Why Food Extremes Side-Track Feeding Kids

Nearly every day I read something that vilifies food. Apple juice. Sugar. Froot Loops. Chocolate milk. Fast food. Potatoes. And the list goes on.

Sometimes there’s real danger, but many times it’s an opinion that stops us in our tracks.

Take chocolate milk. While it’s an easy nutrition no-no for some, I think it’s something worth looking into for the little details. Some foods do deserve their reputation, but many foods fall into the middle, neither totally good nor bad.

Black and White Thinking

While we adults have the capacity to comprehend complicated information, when it comes to nutrition, we filter food concepts like children. Children use black and white thinking to understand the world around them, helping them to simplify information for better understanding.

You can see the black and white lens being used almost everyday if you look for it.

Good food, bad food. Eat this, not that. The “warning!” food versus the food that will “save your life.”

Even “eat right” can motivate this thinking, especially when they know they’re not.

While you hear words like “moderation and balance” tossed around, the tendency is to use this black and white lens, categorizing foods as good or bad. For many, moderation and balance are too fuzzy to understand, which makes it harder to practice day to day.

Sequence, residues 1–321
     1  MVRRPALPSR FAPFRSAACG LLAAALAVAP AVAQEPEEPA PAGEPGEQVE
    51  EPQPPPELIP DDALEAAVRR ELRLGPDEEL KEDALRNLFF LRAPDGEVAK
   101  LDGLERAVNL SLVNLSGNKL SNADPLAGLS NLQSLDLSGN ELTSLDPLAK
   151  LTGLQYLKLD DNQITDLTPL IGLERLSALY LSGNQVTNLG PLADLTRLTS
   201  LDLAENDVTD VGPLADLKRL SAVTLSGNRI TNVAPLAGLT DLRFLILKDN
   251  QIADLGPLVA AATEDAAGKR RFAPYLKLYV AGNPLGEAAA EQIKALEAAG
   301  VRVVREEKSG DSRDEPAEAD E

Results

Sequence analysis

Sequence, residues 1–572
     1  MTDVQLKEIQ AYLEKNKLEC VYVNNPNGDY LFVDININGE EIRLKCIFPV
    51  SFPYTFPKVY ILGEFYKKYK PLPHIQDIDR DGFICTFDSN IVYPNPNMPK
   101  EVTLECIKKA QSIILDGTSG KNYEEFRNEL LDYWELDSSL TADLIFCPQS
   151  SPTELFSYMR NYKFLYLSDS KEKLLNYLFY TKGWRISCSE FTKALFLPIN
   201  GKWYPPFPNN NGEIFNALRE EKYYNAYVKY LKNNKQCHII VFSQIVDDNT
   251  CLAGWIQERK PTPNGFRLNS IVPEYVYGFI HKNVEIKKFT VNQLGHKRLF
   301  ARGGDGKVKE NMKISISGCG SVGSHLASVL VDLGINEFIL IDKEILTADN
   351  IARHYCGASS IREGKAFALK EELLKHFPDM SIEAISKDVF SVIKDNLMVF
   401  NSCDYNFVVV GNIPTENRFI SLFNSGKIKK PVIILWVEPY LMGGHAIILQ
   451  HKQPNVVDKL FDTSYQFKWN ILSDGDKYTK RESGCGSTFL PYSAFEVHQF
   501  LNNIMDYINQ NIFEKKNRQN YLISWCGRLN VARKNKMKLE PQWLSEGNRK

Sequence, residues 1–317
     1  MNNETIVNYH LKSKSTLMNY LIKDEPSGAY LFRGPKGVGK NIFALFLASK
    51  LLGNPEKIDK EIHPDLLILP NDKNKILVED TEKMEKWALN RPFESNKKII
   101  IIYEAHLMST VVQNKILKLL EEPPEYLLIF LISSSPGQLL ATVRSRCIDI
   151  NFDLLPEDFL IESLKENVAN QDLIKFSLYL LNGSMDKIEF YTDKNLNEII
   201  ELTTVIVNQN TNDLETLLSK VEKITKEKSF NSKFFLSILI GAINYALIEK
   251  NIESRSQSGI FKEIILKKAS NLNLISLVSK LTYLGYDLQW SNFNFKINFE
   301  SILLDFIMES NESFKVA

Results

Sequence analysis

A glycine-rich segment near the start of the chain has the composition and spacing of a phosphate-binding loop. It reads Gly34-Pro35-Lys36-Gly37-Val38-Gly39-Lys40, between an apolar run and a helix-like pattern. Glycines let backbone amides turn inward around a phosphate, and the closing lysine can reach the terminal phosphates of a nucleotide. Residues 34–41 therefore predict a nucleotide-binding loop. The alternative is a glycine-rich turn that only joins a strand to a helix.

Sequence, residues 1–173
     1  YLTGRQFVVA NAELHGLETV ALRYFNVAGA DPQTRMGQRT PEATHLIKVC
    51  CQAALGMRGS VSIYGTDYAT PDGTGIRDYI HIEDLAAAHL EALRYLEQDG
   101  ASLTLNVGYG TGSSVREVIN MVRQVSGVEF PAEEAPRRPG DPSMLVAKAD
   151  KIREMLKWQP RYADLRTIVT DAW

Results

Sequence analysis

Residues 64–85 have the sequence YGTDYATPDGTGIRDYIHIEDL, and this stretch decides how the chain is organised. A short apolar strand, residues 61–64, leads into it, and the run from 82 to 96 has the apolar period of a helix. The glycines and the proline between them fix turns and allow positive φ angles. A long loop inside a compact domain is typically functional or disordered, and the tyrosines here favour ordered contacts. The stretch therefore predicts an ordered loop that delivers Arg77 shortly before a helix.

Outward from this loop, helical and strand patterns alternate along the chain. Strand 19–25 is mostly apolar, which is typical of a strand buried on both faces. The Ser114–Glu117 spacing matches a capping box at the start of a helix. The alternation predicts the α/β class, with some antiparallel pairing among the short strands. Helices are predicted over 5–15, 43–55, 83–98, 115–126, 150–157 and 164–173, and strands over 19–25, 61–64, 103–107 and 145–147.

You would think black and white thinking makes navigating nutrition easier, but it doesn’t.

When Food Gets the Hammer

While it seems easier to categorize foods as good or bad, for most parents I know and work with, this only complicates matters more.

“I heard I should stay away from potatoes because there’s too much sugar in them, but my kids love potatoes,” said one mom.

Another parent stated, “I don’t give my kids any white flour, because white stuff is bad for you. Do you know how much white flour is out there?”

Yes, I do. And I know it will drive you crazy trying to hunt it down and get it out of your cabinets, let alone your kids’ lives.

The truth is, if you try hard enough, you can pick apart just about everything there is to eat. And when food gets the hammer, it makes life more difficult for parents (and kids).

Some of you will wonder how you will raise healthy kids without these absolutes, but I know you can.

Food Extremes Cause Fear

We live in a fear-based nutrition environment, and that’s partly why I am co-writing Fearless Feeding, to arm parents with nutrition knowledge and take the nonsense (and fear) out of feeding kids.

Fear produces negative feeding interactions between parents and their children. It undermines confident parenting and feeding, and interferes with common sense and good judgment, making feeding mistakes more likely.

Fear is paralyzing.

I know fear. You won’t see me jumping out of an airplane, bungy jumping or standing atop a mountain without holding on. No way. Too much fear.

This is what happens to parents who fear they’ll make a mistake with food or talking about nutrition with their kids. They freeze—they avoid, hang on for dear life or “survive,” rather than exploring, investigating and learning.

And they rely on black and white food rules.